The Islamic Post Blog

Islamic Financial System Affords Stability in the Midst of Economic Turmoil by Khalida

Usury-Free Sharia Compliance Proves a Blessing as Islamic Investing and Banking Thrives, Despite Tailspin of Interest-Based Systems

By Umm Abdul Malik
Islamic Post Staff Writer

While the Federal Reserve, U. S. Treasury, European Union, G-8 and scores of financial experts work tirelessly to organize, and re-organize a multi-billion dollar financial parachute for the plummeting interest-based financial system, Islamic investing and banking is proliferating by leaps and bounds, and even flourishing –so stated Credit Suisse senior banking associate, Fares Mourad, in a recent Reuters report. Credit Suisse of Switzerland, a prominent European wealth management institution, affirms that its Islamic banking business is growing by double digits. The crisis of the banking world has actually boosted Islamic financial commerce, luring investors who seek assets that are not affected (and are not predicted to be affected) by the havoc that has hit the rest of the financial world.
“If you invest in Islamic finance products, you tend not to be sensitive to developments (ups, downs, and crashes) in interest rates.  I’ve seen asset managers in the United Kingdom who are saying they would like to include Islamic investments in their total asset allocation,” Mr. Mourad intimated to European Wealth Management correspondent, Douwe Miedema, even though investors keen on strict adherence to the Islamic laws regarding commerce and financial transactions do not have as broad a variety of financial instruments with which to maneuver as their interest-bearing counterparts in the general marketplace.
Islamic Economic Principles are Rooted in Revelation.
The framework for Islamic financial dealings is contained within the text of the Holy Qur’an, and the laws derived from the commands of the Almighty Creator that are contained in the sacred text. Many of the injunctions related to commerce and finance were introduced to the society of the Holy Last Messenger of Islam, Muhammad, may the peace of the Almighty be upon him, and were immediately implemented as guidelines for Islamic living, as they were supported by Divine sanction and authority.
The foremost pillar of Islamic finance, and the source of much of its allure, is the prohibition of charging or taking interest. Another regulation requires risk-sharing between the extender of venture capital and the entrepreneur.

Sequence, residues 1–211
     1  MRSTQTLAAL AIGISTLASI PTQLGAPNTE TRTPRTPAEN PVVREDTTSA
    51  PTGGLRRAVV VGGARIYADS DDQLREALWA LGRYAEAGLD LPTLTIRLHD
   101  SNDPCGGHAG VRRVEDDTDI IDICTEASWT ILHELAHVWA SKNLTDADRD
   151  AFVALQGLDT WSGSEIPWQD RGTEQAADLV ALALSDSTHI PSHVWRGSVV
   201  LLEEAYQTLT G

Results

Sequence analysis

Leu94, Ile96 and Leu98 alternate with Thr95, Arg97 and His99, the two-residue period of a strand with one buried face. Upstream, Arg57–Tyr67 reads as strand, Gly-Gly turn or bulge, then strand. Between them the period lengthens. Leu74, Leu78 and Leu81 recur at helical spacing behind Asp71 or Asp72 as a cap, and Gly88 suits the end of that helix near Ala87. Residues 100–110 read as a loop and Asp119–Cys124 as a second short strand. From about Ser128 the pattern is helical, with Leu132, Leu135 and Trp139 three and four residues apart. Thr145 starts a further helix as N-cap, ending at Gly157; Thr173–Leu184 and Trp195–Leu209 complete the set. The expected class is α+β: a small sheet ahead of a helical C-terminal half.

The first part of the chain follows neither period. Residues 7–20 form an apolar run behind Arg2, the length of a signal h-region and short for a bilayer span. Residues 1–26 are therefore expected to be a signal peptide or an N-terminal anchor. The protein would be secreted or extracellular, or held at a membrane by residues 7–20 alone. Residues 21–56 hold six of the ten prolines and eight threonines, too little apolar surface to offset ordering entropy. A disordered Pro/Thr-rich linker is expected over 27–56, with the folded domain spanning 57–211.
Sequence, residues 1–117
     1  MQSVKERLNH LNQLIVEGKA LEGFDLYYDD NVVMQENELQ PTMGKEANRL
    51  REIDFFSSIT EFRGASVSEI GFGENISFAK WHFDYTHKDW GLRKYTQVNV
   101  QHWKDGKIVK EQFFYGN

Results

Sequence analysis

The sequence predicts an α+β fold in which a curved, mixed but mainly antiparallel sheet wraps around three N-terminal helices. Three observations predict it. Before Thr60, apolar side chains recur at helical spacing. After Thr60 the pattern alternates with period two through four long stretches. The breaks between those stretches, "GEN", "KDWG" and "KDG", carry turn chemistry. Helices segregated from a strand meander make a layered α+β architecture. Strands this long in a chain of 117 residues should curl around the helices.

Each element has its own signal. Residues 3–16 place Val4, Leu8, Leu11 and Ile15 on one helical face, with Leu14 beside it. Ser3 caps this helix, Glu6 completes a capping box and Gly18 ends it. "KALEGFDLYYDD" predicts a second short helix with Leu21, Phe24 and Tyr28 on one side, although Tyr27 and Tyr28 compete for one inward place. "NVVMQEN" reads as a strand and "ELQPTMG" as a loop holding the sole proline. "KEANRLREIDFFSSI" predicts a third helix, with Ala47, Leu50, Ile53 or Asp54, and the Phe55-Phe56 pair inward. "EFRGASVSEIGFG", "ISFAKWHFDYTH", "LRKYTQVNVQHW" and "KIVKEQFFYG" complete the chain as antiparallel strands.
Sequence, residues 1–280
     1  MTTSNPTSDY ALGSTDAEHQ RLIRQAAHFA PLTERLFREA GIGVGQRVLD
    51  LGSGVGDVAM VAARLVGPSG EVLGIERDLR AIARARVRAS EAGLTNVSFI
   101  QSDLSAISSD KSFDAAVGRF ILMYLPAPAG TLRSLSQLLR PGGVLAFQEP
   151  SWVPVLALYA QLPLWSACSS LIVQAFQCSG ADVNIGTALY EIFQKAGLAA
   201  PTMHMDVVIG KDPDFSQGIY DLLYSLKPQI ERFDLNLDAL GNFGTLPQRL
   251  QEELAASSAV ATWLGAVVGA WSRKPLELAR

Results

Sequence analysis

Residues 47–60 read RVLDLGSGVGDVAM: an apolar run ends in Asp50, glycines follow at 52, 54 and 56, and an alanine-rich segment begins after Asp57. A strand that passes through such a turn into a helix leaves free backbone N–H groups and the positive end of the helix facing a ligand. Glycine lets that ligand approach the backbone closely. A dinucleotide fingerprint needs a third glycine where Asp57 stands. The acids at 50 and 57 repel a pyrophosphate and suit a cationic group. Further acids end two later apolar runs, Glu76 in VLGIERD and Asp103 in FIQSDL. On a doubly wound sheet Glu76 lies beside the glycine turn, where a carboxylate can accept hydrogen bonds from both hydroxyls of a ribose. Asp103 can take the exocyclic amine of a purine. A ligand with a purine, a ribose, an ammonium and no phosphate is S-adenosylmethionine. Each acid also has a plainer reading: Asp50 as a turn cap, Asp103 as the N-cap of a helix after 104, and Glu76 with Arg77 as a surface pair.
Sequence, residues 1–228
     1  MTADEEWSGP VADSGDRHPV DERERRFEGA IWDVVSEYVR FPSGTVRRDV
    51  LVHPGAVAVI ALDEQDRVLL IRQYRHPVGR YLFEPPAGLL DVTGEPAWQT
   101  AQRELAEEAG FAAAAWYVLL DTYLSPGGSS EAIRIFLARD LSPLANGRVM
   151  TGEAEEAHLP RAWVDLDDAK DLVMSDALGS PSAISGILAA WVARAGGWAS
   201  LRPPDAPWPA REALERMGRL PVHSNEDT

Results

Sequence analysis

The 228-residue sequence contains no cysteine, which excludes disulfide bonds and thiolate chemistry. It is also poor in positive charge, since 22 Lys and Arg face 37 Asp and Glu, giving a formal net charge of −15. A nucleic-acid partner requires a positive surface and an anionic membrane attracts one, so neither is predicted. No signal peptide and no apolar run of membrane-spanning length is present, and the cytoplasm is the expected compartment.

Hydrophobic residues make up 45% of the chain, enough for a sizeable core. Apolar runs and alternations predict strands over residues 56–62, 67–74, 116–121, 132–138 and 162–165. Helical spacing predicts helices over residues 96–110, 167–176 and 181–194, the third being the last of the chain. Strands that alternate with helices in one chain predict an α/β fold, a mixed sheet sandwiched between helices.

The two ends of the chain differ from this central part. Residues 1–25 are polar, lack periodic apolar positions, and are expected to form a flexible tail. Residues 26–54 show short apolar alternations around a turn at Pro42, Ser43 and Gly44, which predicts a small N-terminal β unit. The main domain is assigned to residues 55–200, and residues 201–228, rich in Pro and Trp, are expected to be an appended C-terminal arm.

In addition, Islamic investing dictates that businesses be legal in Islam, i.e., “Sharia-compliant:” in no way involved in production, sales, or trading of:  pork or its by-products; alcoholic products; immoral or lewd products, literature, and media; interest-based banking and financial services like insurance.
An umbrella of social responsibility covers the Islamic financial system and those who conduct their business under its cover. To further illustrate, there is no profit for the investor if there are losses for the business. A key element to the current global financial disaster is businesses devoid of profit in a situation exacerbated by the charging of interest on principle.
The Dow Jones Islamic Index.
With the ranks of Muslim investors swelling rapidly as the Muslim population in the United States tops six million, and as overseas Muslim investors seek Sharia-compliant investment opportunities and financial products, the Dow Jones financial news corporation compiled the first American Shari-compliant index – companies whose business practices conform to Islamic standards.
In 1999, Dow Jones employed a board of six Sharia scholars who would review and screen companies. Merck & Co., Pfizer Inc., Microsoft, and Hewlett-Packard were among the 1,800 companies out of a total of 5,000 that were included in the first Islamic index.  There are now more than 60 Dow Jones Indexes that track and chart Sharia-compliant stocks and bonds.
Eric Meyer, Connecticut financial advisor with the investment fund Shariah Capital, advises that western financial institutions and banks need to have Shariah-compliant products or risk losing market share. Some investment firms retain a Shariah Board to review and determine whether a particular type of financial transaction complies with the Islamic law.
As more banks offer Muslim and other customers Islamic lending and investment options, more advisors trained in the intricate, and sometimes complex, rules that govern Islamic finance are in demand. Three prominent companies advise clients regarding Islamic investing:  Saturna Capital, Azzad Asset Management, and Allied Asset Advisors.
The fundamentals of the economic system developed by the Muslim world over centuries has indeed provided the modern world unexpected guidance at a critical period in time, illustrating the Divine Wisdom in a way of conducting commerce with conscience and social responsibility.


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